We are a society driven by consumerism and marketing. There are millions of ho-hum products out there from aging cream, cars, televisions, tablets, and smartphones. We are spenders and consumers. We are also a society of debtors with credit cards our biggest downfall, the illusion of wealth. Living from paycheck to paycheck, we pay minimum payments and continue our quest of material things. We clip coupons to save a few dollars at the grocery store and look for bargains in every store, even watch television shows for guidance and entertainment. Few of us have the resources to get what we want when we want it. Therefore, it is imperative that we pay double-digit interest to insure that we keep up. This is not to say that some things we cannot live without due to modern living, it is the excess we must be concerned with.
We want, we take, we consume. We expect the next purchase to satisfy the deepest longings of our hearts. We hope the new car smell will last past the first payment. We want the house that others long to have. We want, we want…but are we ever satisfied?
Take a walk through your house, closets, storage room, and garage for a moment. Really. Do it right now. This article will be here when you are finished. Trust me, I’m not leaving you hanging here.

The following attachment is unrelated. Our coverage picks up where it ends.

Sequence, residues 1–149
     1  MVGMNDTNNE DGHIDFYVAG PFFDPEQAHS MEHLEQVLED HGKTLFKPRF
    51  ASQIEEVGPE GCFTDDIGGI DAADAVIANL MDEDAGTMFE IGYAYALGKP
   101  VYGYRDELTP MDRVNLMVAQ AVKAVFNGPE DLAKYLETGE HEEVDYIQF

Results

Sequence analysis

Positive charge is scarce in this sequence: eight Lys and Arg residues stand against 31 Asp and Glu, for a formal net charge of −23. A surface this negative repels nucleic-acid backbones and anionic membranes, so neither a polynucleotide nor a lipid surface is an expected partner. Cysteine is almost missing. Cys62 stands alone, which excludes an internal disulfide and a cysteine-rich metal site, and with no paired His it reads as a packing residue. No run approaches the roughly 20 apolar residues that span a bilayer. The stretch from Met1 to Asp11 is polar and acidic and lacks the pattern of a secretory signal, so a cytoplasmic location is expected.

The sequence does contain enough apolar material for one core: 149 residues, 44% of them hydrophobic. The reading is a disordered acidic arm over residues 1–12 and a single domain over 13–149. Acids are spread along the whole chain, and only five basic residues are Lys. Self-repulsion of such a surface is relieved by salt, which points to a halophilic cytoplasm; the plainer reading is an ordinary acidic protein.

Now that you are back, did you see anything that made you think, “Why did I buy that?” or “What was I thinking when I charged that?” Did you find any clothes you just had to have that are now out of style? Did you really need that iced coffee with a Styrofoam sleeve?
Be honest, did you find anything there that makes you so content that you don’t need anything else? Solomon thought he could get to the point where he had everything he wanted. He never did. He did get to the point where he realized that having everything wasn’t all there was to life.
Solomon had it all, but it didn’t satisfy him. He didn’t have to use a credit card; he paid on gold. Solomon called it all “chasing the wind.” Funny thought, really. If man were evolving as some say he is, you would think he would have learned the lesson of Solomon by now. After all, on our middle income level, how could we ever get it all? And if we did, would we be happy? NO! Just ask Solomon.